Dems go on the attack during EPA chief's hearing

Democratic senators wasted no time Tuesday hounding the head of the Environmental Protection Agency (EPA) over his regulatory rollbacks and potential ulterior motives at the agency.

Amid relentless questioning during the Senate Environment and Public Works Committee hearing, Democrats used all tools at their disposal, including audio, in an effort to challenge the EPA's Scott PruittEdward (Scott) Scott PruittEPA moving ahead with science transparency rule by 'early next year' Overnight Energy: Trump administration to repeal waterway protections| House votes to block drilling in Arctic refuge| Administration takes key step to open Alaskan refuge to drilling by end of year Trump administration to repeal waterway protections MORE on most of his policy decisions and promises since becoming administrator almost a year ago.

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Tom CarperThomas (Tom) Richard CarperInstead of raising the gas tax, stop wasting money on frivolous projects To stave off a recession, let's pass a transportation infrastructure bill Overnight Energy: Trump tweets he's revoking California's tailpipe waiver | Move comes as Trump visits state | California prepares for court fight | Climate activist Greta Thunberg urges lawmakers to listen to scientists MORE (D-Del.), the ranking member, set the tone early on by thanking Pruitt for making his first appearance at the committee, before critiquing him for taking so long to do so.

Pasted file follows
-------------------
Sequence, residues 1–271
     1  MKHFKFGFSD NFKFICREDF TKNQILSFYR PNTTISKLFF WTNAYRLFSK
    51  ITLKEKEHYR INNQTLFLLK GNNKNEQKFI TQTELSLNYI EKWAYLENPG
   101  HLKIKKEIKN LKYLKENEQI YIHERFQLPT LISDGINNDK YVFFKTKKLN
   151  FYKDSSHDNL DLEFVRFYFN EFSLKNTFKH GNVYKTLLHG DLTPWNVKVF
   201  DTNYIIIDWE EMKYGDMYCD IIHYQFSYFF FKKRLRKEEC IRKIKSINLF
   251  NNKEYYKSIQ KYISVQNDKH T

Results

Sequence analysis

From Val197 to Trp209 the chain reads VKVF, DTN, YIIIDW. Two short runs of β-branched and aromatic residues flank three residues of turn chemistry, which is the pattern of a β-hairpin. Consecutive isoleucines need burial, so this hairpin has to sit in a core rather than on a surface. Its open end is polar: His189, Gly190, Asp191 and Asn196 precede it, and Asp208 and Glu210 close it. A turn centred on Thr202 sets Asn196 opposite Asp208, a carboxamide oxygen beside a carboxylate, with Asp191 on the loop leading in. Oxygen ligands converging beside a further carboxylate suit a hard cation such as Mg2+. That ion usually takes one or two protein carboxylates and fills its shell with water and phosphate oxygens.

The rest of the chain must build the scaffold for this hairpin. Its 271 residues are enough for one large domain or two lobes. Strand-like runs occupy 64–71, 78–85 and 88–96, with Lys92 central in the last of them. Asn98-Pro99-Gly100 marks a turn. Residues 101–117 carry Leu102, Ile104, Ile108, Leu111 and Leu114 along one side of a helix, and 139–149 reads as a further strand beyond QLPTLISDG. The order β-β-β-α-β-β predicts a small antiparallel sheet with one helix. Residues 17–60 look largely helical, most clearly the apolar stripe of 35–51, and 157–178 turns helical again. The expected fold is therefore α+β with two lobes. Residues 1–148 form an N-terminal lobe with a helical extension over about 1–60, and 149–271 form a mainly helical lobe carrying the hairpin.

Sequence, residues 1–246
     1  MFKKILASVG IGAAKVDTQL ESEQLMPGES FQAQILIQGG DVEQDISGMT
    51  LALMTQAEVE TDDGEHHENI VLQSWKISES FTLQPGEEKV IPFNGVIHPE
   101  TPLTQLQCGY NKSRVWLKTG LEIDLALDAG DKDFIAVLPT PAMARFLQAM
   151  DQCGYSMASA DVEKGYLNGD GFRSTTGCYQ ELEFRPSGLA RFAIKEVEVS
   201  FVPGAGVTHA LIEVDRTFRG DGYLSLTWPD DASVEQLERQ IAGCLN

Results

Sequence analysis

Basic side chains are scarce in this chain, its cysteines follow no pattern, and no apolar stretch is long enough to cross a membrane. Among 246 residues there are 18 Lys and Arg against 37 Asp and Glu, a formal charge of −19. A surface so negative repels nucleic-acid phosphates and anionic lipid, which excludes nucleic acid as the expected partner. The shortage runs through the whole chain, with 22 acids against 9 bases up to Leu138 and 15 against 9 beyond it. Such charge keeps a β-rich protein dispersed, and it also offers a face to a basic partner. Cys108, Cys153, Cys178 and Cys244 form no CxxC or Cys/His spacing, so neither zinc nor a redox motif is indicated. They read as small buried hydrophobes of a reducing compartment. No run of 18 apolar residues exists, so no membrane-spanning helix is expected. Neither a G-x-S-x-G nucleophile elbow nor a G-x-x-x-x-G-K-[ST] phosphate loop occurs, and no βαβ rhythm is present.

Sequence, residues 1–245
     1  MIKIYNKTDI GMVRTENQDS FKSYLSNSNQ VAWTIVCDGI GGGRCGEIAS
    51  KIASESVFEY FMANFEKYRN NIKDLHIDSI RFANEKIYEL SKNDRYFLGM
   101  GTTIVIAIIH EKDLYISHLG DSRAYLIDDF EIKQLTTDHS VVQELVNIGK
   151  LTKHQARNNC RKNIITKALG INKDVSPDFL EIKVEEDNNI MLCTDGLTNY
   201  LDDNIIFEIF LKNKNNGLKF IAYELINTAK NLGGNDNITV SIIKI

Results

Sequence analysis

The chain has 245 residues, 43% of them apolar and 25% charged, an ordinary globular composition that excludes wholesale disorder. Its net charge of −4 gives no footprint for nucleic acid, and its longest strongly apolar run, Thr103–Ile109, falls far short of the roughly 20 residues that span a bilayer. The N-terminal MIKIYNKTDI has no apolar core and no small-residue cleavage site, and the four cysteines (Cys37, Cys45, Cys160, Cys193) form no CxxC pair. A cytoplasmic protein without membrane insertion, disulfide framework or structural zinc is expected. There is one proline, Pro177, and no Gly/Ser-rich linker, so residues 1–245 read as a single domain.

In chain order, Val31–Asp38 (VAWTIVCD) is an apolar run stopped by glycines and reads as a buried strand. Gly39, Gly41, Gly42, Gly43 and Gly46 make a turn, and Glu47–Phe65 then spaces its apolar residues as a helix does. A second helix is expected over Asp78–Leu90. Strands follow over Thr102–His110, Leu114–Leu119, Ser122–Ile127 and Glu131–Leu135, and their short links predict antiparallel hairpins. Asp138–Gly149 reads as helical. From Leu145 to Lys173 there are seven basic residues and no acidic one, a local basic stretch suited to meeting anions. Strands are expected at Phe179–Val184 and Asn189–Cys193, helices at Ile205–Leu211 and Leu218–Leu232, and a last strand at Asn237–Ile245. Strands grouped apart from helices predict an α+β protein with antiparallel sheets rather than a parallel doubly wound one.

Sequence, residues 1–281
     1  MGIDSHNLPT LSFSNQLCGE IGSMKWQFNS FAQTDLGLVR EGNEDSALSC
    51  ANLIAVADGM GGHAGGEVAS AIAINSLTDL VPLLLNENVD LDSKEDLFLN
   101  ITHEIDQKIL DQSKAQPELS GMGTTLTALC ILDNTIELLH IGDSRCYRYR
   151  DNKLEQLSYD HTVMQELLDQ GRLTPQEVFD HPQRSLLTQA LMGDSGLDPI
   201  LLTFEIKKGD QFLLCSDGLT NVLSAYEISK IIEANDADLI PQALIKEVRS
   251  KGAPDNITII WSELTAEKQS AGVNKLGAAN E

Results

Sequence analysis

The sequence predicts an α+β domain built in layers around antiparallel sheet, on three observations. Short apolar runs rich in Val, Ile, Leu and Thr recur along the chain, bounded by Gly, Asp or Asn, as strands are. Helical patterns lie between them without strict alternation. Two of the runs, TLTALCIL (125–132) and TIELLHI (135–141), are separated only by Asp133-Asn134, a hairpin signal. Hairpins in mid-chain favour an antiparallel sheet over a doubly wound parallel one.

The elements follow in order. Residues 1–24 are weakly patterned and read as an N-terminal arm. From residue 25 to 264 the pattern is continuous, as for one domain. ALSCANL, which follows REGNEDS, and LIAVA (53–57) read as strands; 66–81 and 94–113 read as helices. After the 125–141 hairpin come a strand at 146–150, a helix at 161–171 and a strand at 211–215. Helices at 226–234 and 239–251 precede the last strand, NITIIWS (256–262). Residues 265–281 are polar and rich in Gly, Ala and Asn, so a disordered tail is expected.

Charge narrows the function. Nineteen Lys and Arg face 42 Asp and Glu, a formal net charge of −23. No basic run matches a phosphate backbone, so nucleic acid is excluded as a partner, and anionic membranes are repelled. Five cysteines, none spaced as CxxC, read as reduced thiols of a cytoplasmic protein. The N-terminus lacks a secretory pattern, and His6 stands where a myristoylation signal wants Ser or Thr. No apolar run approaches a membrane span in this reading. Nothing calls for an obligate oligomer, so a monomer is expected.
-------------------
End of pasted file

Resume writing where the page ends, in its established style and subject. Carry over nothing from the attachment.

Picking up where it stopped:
"I'd note for the record that your immediate predecessor, Gina McCarthyRegina (Gina) McCarthyIt's time for Congress to address the 'forever chemical' crisis Overnight Energy: Critics accuse Interior's top lawyer of misleading Congress | Boaty McBoatface makes key climate change discovery | Outrage over Trump's order to trim science advisory panels Trump's order to trim science advisory panels sparks outrage MORE, appeared before this committee six times in two years, while her predecessor, Lisa Jackson, appeared before us 14 times in six years. You can do better on this front and it's important that you do," Carper said.

Other members challenged Pruitt on recent changes the EPA made to its clean air policy and its plans for toxic chemical cleanup. EPA's new air policy lets some polluting facilities no longer be subject to strict rules for ‘major’ sources of emissions.

Pruitt recently announced a "war on lead," pointing to the Obama administration's failure to prevent the Flint water crisis as an example of an area President TrumpDonald John TrumpJulián Castro: It's time for House Democrats to 'do something' about Trump Warren: Congress is 'complicit' with Trump 'by failing to act' Sanders to join teachers, auto workers striking in Midwest MORE's administration could do better.

Sen. Tammy DuckworthLadda (Tammy) Tammy DuckworthMissouri Republican wins annual craft brewing competition for lawmakers Democrats ignore Asian American and Pacific Islander voters at their peril Republicans grumble over Trump shifting military funds to wall MORE (D-Ill.) said Pruitt's so-called war didn't hold water. "Unfortunately your rhetoric does not match your actions — your administration would make it harder, not easier, to limit lead exposure," she said.